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Free speech wins: Supreme Court deals huge blow to college liberals

(AP Photo/J. Scott Applewhite)

The Supreme Court delivered a death blow to social justice warriors on college campuses who protest speech that they disagree with and claim that hate is not protected. In fact, not only is hate speech protected by the First Amendment, it can be trademarked and sold.

In a unanimous decision on Monday, the Court ruled that a federal law banning the trademark of offensive names is unconstitutional, reported Fox News.

An Asian-American band wanted to copyright their group name “The Slants” but couldn’t because of a 70-year old  “disparagement clause” which the Court has now overruled.

This was not only a huge victory for the rather obscure band, but for free speech, in general. It is currently under attack by social justice warriors who claim that offensive language should be banned including the name of the NFL’s Washington Redskins.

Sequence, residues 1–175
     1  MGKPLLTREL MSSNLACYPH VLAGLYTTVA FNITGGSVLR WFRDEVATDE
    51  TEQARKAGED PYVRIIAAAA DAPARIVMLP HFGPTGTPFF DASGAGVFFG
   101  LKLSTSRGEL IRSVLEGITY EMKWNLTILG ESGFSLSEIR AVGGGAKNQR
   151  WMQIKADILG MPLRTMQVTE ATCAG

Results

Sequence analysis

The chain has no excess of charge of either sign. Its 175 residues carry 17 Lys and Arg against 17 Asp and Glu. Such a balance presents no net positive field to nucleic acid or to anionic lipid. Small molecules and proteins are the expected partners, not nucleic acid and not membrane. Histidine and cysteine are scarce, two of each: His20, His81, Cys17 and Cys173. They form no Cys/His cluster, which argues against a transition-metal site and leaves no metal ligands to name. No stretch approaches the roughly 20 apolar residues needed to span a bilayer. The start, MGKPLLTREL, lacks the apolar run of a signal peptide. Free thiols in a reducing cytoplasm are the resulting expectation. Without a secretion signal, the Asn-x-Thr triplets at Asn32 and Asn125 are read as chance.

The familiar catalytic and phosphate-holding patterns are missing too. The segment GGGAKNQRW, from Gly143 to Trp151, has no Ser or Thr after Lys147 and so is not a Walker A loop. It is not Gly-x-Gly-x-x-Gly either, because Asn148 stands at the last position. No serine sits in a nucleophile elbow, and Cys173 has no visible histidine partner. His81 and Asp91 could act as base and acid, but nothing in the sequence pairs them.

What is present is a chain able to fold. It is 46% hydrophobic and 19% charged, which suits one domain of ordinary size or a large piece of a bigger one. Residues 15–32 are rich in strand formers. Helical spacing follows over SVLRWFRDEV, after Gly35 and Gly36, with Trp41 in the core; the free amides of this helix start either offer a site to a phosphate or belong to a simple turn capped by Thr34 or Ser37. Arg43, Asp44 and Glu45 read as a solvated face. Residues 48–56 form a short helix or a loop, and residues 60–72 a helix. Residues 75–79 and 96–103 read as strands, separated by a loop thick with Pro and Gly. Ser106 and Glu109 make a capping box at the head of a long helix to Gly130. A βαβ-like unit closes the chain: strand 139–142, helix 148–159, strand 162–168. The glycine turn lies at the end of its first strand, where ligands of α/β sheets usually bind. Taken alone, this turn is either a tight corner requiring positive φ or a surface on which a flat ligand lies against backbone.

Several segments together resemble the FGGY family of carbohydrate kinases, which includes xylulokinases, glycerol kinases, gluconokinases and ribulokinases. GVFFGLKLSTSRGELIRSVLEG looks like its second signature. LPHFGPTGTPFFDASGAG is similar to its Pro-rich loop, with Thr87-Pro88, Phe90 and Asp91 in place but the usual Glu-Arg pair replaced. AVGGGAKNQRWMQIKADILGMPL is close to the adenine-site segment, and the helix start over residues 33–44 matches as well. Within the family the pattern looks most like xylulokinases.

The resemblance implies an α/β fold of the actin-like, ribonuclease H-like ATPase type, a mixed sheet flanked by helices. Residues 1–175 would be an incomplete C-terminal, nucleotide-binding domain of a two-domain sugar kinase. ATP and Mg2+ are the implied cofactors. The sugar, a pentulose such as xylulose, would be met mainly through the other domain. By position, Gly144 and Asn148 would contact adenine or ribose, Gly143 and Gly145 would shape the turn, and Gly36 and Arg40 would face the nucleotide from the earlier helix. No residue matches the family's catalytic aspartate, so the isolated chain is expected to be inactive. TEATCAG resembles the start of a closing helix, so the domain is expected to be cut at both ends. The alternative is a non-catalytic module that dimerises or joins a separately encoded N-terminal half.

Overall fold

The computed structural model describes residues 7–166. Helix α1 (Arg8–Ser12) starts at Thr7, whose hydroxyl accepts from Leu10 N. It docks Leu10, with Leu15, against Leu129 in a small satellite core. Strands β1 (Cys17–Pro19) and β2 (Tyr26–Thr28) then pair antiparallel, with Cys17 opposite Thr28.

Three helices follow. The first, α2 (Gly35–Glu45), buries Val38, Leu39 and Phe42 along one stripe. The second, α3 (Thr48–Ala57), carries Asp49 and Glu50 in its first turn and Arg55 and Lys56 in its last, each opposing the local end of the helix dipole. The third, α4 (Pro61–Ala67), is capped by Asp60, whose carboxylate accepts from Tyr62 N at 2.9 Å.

“(The idea that the government may restrict) speech expressing ideas that offend … strikes at the heart of the First Amendment,” wrote Justice Alito in his opinion. “Speech that demeans on the basis of race, ethnicity, gender, religion, age, disability, or any other similar ground is hateful; but the proudest boast of our free speech jurisprudence is that we protect the freedom to express ‘the thought that we hate.'”

“A law found to discriminate based on viewpoint is an ‘egregious form of content discrimination,’ which is ‘presumptively unconstitutional,'” Justice Kennedy wrote in a separate opinion. “A law that can be directed against speech found offensive to some portion of the public can be turned against minority and dissenting views to the detriment of all. The First Amendment does not entrust that power to the government’s benevolence. Instead, our reliance must be on the substantial safeguards of free and open discussion in a democratic society.”

Social justice warriors, who hate free speech and use identity politics for anything, were openly perturbed by the decision, especially given that even Ruth Bader Ginsberg sided with the majority decision.

Prominent Democrats had been hoping to capitalize on the craze from social justice warriors against hate speech, including Howard Dean who ran for DNC chairman after announcing that offensive language wasn’t protected by the First Amendment.

Now if only college administrations could get with the program and allow prominent conservatives to speak on campus.

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